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Marchand v. Barnhill - 212 A.3d 805 (Del. 2019)

Rule:

Under In re Caremark Int'l Inc. Derivative Litig. and the Supreme Court of Delaware's opinion in Stone v. Ritter, directors have a duty to exercise oversight and to monitor the corporation's operational viability, legal compliance, and financial performance. A board's utter failure to attempt to assure a reasonable information and reporting system exists is an act of bad faith in breach of the duty of loyalty.

Facts:

Blue Bell Creameries USA, Inc., one of the country's largest ice cream manufacturers, suffered a listeria outbreak in early 2015, causing the company to recall all of its products, shut down production at all of its plants, and lay off over a third of its workforce. Blue Bell's failure to contain listeria's spread in its manufacturing plants caused listeria to be present in its products and had sad consequences. Three people died as a result of the listeria outbreak. Less consequentially, but nonetheless important for this litigation, stockholders also suffered losses because, after the operational shutdown, Blue Bell suffered a liquidity crisis that forced it to accept a dilutive private equity investment. Based on these unfortunate events, a stockholder brought a derivative suit against two key executives and against Blue Bell's directors claiming breaches of the defendants' fiduciary duties. The complaint alleges that the executives—Paul Kruse, the President and CEO, and Greg Bridges, the Vice President of Operations—breached their duties of care and loyalty by knowingly disregarding contamination risks and failing to oversee the safety of Blue Bell's food-making operations, and that the directors breached their duty of loyalty under Caremark.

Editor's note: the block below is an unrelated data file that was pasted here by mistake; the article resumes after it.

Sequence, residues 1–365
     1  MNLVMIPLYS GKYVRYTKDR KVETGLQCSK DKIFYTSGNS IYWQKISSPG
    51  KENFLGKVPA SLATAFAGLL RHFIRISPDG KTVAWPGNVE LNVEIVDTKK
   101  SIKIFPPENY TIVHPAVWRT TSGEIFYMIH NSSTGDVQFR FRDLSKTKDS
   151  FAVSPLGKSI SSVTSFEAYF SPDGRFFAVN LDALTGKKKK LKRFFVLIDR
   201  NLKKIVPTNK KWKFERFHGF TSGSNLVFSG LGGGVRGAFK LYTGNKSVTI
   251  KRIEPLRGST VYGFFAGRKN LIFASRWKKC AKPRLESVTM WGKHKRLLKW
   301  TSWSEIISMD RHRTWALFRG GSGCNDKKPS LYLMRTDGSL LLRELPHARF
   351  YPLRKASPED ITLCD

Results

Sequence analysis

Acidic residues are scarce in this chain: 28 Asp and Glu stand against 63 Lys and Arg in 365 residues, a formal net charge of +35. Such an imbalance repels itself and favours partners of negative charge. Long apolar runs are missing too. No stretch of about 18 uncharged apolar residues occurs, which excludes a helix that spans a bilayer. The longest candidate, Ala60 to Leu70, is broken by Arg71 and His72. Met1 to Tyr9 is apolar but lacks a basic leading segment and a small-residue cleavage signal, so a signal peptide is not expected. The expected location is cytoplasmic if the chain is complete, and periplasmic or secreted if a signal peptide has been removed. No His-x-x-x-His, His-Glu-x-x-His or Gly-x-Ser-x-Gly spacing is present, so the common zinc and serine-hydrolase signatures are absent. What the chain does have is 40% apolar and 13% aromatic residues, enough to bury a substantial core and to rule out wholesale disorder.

Issue:

Did the complaint allege particularized facts that support a reasonable inference that the Blue Bell board failed to implement any system to monitor Blue Bell’s food safety performance or compliance?

Answer:

Yes

Conclusion:

The complaint alleges particularized facts that support a reasonable inference that the Blue Bell board failed to implement any system to monitor Blue Bell's food safety performance or compliance.  Under Caremark and this Court's opinion in Stone v. Ritter, directors have a duty "to exercise oversight" and to monitor the corporation's operational viability, legal compliance, and financial performance. A board's "utter failure to attempt to assure a reasonable information and reporting system exists" is an act of bad faith in breach of the duty of loyalty. In sum, the complaint supports an inference that no system of board-level compliance monitoring and reporting existed at Blue Bell. Although Caremark is a tough standard for plaintiffs to meet, the plaintiff has met it here.  When a plaintiff can plead an inference that a board has undertaken no efforts to make sure it is informed of a compliance issue intrinsically critical to the company's business operation, then that supports an inference that the board has not made the good faith effort that Caremark requires.

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